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Review- Terminator Genisys #2
Story
Visual Effects
Score
Cinematography
Overall
1.4Overall Score

The Book of Genesis is the first book of the Christian Old Testament and details how God created the world and everything in it. God creates the first man and woman and appoints man as his regent (and so began gender inequality), man displeases God and He destroys the Earth with a flood.

In 1984 a young filmmaker named James Cameron created a world of his own with The Terminator, and with it, changed the face of science fiction filmmaking forever. Cameron’s Terminator was smart and lean, it was a film of big ideas shot on a small budget with a stripped down aesthetic that looked like nothing else in cinemas of the day. Its sequel, Terminator 2: Judgement Day, built on the foundation of the original and is widely considered to be the seminal action sci-fi film. With T2 Cameron, like God before him, decided to close the loop on his creation and move on to other worlds with an emotionally powerful and logical denouement. Flash forward to 2015 and the release of the fifth instalment in the Terminator franchise, an entry which is so poorly made it may have some feeling thankful God never had to give his precious creations up to capitalism and copyright laws.

Terminator Genisys is Paramount and Annapurna Pictures own Genesis on the Terminator series, taking the original film and all its IPs and rebooting them for a new generation. The idea of the ‘soft reboot’ is one which seems to have taken hold in the minds of Hollywood studio executives – perhaps thanks to the success of 2009’s Star Trek – right in the amygdala next to a piece of grey matter labelled ‘comic book movies’, two of which served as trailers for the feature showing of Terminator Genisys; an oxymoronic title for a film which serves to add nothing to the lore from which it was spawned. Make no mistake, in spite of its namesake, Terminator:Genisys is the most unoriginal film since the 1998 almost shot-for-shot remake of Alfred Hitchcock’s Psycho, and the weakest of the film series to date.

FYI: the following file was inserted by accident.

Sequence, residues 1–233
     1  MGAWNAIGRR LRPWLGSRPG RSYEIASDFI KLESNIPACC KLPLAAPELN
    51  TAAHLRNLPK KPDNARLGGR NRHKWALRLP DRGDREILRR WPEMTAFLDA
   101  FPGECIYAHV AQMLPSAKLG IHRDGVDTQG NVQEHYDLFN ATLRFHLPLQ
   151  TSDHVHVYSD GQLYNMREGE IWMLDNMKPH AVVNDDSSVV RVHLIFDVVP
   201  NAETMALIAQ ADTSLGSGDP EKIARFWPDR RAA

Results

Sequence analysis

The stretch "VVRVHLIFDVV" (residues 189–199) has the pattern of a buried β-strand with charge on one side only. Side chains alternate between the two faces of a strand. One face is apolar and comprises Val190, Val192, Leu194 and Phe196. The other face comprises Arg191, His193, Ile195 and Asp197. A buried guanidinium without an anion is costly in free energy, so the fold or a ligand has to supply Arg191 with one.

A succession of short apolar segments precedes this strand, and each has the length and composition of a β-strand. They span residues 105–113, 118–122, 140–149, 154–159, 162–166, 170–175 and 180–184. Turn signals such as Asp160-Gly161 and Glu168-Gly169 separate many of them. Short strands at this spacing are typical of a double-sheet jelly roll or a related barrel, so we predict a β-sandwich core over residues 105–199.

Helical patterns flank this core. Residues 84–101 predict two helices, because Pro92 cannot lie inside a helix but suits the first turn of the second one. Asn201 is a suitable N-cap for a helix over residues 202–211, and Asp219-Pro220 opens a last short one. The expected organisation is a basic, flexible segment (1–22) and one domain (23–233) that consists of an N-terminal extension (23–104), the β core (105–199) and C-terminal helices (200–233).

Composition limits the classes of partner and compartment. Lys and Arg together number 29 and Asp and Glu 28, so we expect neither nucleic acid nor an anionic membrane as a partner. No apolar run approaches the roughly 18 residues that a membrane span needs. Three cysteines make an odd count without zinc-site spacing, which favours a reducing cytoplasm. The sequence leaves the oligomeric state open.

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Arnold Schwarzenegger’s return as the eponymous cyborg was a much hyped carrot dangled in the face of fans, but ultimately it is not the treat fans had hoped for; Schwarzenegger is almost unrecognisable in the role which made his career 30 years ago and without the steady hand of a director like Cameron, Schwarzenegger’s performance is scattershot and wooden in all the wrong ways. In Schwarzenegger’s defence, the script is really quite terrible, calling for his T-800 to be nothing more than a prop; running interference by slamming one robot or another through dry wall and concrete for the nth time, or making one more bad joke which fails to deliver due to director Alan Taylor and the screenwriters’ lack of character development. What made the jokes of T2 so effective was the relationship between Edward Furlong’s John Connor and the T-800, the way it grew and developed into a proxy father/son relationship with the absence of the already dead Kyle Reese, Cameron spent time making the relationship believable and touching. Genisys fails to show us why the jokes are appropriate given the stakes of the film, it fails to connect its audience with the characters beyond a superficial level, and the gags ultimately fall flat on their synthetic faces because they have no emotional undercurrent to them.